Is it possible to have a stable aircraft (aerodynamically) in a condition where stabilizer updore is necessary for level flight?
No. Not by the definition of static or dynamic stability.
There are two systems that have to be considered. The first is the wing itself. The airfoil has a center of pressure that moves fore and aft based on angle of attack. It also produces a downward force center of pressure due to Bernoulian and Newtonian forces on the bottom of the wing. The upper and lower centers of pressure are not physically opposite of each other and therefore produces either downward or upward torque on the wing itself. This torque is centered on the mean aerodynamic center. The MAC does not move regardless of AOA. It it through this MAC that the center of lift operates.
Now take this wing with Its own system of balances and forces and attach it to a plane with its own balances and forces. The CL will be behind the CG on most aircraft for stability purposes. Only when the CL and CG are at the same point will the NP be near the CL/CG point. Since weight and speed determine necessary AOA, and AOA effects CP, drag, and stabilizer AOA the NP (or point where no stabilizer force is required for level flight) will never remain in any one location but will be at a different point based on a given set of conditions. The odds of the CG and NP ever being and staying the same are improbable.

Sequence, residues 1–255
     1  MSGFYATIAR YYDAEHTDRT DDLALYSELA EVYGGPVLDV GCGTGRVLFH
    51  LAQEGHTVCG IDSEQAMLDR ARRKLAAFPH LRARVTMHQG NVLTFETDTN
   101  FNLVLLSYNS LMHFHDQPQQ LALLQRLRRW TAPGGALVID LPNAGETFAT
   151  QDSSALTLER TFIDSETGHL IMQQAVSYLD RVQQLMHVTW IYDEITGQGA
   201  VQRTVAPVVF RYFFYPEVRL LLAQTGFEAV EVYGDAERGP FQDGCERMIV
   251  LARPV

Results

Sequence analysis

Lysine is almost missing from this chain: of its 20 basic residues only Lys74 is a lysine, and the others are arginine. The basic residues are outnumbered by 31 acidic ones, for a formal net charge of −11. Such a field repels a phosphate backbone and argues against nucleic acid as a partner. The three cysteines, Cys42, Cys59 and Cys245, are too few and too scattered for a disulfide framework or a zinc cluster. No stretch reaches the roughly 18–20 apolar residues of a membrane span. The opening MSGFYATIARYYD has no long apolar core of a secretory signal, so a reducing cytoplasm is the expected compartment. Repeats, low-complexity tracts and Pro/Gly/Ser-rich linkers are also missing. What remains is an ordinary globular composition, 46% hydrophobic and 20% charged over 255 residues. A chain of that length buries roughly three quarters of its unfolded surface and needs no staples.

As to how much torque is required....torque is torque. You can simple calculate the moments of a plane that is balanced. The force required to move a 400,000 lb airplane about its CG will be a matter of F=ma. That will give rate for a given force. Calculate the force capable with a 747 stabilizer (per L=ClrhoV^2*S) and apply it to the force formula and that should be close to the rate or rotational movement around the lateral axis. My angular momentum physics may be a little rusty.
Angle of incidence also plays into this. Most airplanes have a positive AOI. A B727 had an almost 1.5 degree down AOI.
That’s why it always flew nose up compared to other planes